Another advantage of the Template Biopsy over the TRUS is that going through the Perineum rather than the rectum reduces the risk of infection. Ruling out an infection before either kind of biopsy is therefore sensible.

Barry
User
Posted 05 Jun 2021 at 09:17

Hello Barry

 

Thanks for your message

 

I think the biopsy you are having and the one I had are one of the same. I was told that the procedure is usually carried out under a local anaesthetic (as mine was), but that a general anaesthetic is used for patients who experience severe pain or who found the simple finger examination of the prostate very uncomfortable ( I did not). I was told I could drive home, but should not ride a bike or undertake any heavy lifting or stretching for a few days. My son is now waiting on me hand and foot, which is rather nice, But I better not milk it too much!

I took a urine sample to the hospital when I attended the biopsy and that was tested for any sign of infection (there were none). I also took a flow test just before the procedure to check out how well my bladder emptied. Having to go to the hospital with a full bladder when it was pouring of rain was probably the most uncomfortable part of my day.

I was told I could not leave the hospital until I had had a pee (they needed to make sure that there was no blockage) and when I did go there was initially a deal of blood. Subsequent peeing has resulted in only a little blood coloured urine and now ( a day later) none at all. I was somewhat concerned that my bowel movements could be affected but have found that that has not happened.So, overall, I am very pleased how well the procedure went and now only have to wait for the results.

 

Good luck with your hospital visit and have a good drive up to London from Cornwall.

 

Ivan

 

 

User
Posted 05 Jun 2021 at 10:18
Ivan, are you sure you had a template biopsy? It sounds more like a TRUS or image guided rectal biopsy to me? Are your puncture wounds on the outside between your anus and scrotum?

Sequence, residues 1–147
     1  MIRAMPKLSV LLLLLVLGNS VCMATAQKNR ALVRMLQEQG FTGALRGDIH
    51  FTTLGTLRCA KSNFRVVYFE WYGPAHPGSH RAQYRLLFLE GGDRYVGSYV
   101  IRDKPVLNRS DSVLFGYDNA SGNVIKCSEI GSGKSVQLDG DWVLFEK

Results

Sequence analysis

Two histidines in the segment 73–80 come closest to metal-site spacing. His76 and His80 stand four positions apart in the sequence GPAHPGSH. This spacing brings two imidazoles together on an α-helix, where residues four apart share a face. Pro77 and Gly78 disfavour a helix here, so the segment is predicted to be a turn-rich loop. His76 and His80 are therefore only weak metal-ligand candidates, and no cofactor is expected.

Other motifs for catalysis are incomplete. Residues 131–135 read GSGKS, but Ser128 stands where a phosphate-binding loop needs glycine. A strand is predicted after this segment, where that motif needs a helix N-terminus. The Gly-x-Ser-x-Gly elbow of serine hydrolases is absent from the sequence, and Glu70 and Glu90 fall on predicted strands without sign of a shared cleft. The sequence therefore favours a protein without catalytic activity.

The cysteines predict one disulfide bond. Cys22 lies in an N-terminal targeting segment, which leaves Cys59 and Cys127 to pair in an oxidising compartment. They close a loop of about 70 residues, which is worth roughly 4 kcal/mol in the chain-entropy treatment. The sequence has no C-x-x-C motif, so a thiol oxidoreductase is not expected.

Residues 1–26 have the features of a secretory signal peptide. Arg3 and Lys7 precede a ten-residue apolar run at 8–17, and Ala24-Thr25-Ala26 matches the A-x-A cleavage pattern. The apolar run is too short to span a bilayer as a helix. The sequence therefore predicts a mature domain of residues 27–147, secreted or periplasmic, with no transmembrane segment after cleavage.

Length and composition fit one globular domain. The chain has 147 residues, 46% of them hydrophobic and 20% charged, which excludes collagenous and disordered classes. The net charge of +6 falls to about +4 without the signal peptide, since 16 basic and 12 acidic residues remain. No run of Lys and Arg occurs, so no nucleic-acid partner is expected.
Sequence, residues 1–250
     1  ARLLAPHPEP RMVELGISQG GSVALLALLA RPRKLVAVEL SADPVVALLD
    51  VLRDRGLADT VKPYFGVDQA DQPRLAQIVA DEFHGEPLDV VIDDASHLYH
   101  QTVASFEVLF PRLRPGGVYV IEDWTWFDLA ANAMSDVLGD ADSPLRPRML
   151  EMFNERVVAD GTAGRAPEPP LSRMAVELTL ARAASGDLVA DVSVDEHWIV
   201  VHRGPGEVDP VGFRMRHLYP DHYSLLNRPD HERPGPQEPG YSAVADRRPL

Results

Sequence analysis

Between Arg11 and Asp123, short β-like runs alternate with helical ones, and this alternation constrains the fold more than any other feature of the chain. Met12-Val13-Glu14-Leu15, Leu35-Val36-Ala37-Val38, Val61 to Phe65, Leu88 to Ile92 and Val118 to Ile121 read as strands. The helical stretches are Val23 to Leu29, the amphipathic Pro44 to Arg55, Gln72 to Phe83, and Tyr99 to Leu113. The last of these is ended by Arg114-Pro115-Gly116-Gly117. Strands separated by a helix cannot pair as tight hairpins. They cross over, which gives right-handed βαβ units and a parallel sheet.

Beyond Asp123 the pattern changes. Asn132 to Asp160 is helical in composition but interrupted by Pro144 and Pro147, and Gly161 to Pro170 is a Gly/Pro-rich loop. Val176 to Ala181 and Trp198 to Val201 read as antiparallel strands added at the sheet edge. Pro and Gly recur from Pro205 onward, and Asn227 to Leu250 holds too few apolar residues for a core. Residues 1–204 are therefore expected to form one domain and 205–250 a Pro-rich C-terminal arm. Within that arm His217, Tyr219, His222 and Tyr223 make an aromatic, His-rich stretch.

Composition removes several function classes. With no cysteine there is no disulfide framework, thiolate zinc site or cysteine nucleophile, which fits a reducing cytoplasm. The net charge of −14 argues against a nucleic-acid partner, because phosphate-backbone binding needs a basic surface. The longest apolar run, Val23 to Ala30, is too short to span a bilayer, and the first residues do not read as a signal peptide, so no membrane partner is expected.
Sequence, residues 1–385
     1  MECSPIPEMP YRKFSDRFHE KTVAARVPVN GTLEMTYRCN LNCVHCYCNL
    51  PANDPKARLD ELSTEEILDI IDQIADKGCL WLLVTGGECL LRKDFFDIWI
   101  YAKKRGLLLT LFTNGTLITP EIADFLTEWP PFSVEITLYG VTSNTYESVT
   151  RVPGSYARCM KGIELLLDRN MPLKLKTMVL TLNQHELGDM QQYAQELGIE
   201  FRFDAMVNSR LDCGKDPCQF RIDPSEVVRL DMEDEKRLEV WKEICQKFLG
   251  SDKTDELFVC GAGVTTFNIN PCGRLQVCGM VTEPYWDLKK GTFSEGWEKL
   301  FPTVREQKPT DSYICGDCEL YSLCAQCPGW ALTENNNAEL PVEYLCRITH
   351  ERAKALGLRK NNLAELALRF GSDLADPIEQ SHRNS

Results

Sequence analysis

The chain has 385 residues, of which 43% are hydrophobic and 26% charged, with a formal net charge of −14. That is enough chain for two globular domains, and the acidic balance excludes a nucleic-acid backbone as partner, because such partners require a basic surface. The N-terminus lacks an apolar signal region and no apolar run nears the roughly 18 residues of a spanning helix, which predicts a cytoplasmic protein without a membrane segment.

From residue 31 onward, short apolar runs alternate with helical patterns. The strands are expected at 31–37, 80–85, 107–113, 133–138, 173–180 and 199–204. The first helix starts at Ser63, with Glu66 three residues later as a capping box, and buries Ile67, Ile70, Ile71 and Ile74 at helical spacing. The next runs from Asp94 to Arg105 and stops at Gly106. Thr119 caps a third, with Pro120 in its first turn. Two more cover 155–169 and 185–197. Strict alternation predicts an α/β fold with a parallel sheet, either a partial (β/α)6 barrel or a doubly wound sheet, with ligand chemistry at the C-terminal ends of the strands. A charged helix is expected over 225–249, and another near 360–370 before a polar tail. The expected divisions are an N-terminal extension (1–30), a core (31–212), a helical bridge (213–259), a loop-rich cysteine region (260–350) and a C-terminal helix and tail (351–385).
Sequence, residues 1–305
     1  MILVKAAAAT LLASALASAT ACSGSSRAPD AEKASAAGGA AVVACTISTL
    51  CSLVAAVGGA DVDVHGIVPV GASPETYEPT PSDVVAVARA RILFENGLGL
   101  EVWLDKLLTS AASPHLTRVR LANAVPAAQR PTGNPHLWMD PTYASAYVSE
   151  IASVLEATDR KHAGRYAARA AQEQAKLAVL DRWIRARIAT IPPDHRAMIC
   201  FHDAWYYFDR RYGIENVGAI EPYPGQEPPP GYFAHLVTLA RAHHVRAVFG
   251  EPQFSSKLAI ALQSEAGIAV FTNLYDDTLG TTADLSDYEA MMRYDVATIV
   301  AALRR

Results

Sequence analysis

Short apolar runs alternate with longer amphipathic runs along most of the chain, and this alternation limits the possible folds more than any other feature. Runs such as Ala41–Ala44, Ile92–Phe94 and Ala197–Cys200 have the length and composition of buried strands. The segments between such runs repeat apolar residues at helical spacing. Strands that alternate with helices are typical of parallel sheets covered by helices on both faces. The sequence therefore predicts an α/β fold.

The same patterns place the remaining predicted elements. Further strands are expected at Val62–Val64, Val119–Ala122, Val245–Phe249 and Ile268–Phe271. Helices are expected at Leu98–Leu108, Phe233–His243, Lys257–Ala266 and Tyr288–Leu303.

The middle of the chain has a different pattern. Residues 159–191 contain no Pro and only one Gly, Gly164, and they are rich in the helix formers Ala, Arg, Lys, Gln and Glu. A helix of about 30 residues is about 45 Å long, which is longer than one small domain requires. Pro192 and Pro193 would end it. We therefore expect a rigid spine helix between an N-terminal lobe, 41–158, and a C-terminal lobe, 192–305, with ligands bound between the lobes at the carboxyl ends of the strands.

"Life can only be understood backwards; but it must be lived forwards." Soren Kierkegaard

User
Posted 05 Jun 2021 at 10:35

Morning Lyn

 

No, I am not entirely sure, but was told it was a transperineal biopsy. I did have a MRI scan 6 weeks earlier and was told that that would be used to help guide the procedure.  I am not sure where my puncture wounds are but know that I did not have a TRUS procedure. Addenbrookes do not offer that.

User
Posted 06 Jun 2021 at 01:55

What the Prostate nurses say about the 'Gold Standard' scan does not accord with what I have heard.  I remember an Australian Professor saying the 68 Gallium scan is better than the nuclear bone scan and should replace it as is also better for imaging than standard CT scan and full body MRI*  Australia is more advanced with the 68 Ga scans.  Here is an easily read link https://www.prostate.org.au/news-media/news/benefits-of-psma-pet-scans-for-prostate-cancer-diagnosis/

Found it!   This is a very long but interesting talk about scans, particularly the 68 Gallium PSMA one, where it is used and the difference it can make to treatment etc.  https://www.youtube.com/watch?v=0H-g047os6c

Since this video, Australia has opened many facilities providing the aforementioned PSMA scan.

Edited by member 06 Jun 2021 at 05:25  | Reason: Not specified

Barry
User
Posted 06 Jun 2021 at 18:02

Thank you Barry for the message and the links. I found both links well worth reading

User
Posted 10 Jun 2021 at 14:00

Well, in less than a week (my biopsy was on 04/06/21), I have today received a letter from Addenbrookes informing me of the following:

Procedure: Targeted Transperineal Prostate Biopsy under LA

(25ml Lidocaine 1% Ciprofloxacin 500 mg)

Prostate Volume: 55 ccm

Target in Right anterior: 3

Right mid 2,   Right posterior 2,  Left anterior 2, Left mid 2, Left posterior 2

The hospital said they would contact me again once the histopathology of the tissue has been discussed in the multidisciplinary team meeting, but, in the meantime, would anybody knowledgeable like to comment?  

 

 

User
Posted 10 Jun 2021 at 15:34

I was not aware that some hospitals were now doing the Transperineal Template Biopsy using deep sedation instead of GA but I found this out personally this week when I experienced this first hand https://community.prostatecanceruk.org/posts/t27361-Changes-to-Template-Biopsy

The medical people usually  don't want to give a final diagnosis until all the tests have been done and scans studied.  It can be a frustrating wait but can make sense as you get a more comprehensively considered opinion.  Back in 2007 I was told my staging was T2A and surgery was a most likely option.  However, this was before the MRI, following which my staging was upgraded to T3A.  I remember saying at the time I wish they had waited and given me my diagnosis after the MRI as on the preliminary assessment I was prepared to have surgery but  after this changed to T3A following the MRI, surgery was not recommended.  Nowadays the MRI usually precedes biopsy,  so that is another thing that has changed over time.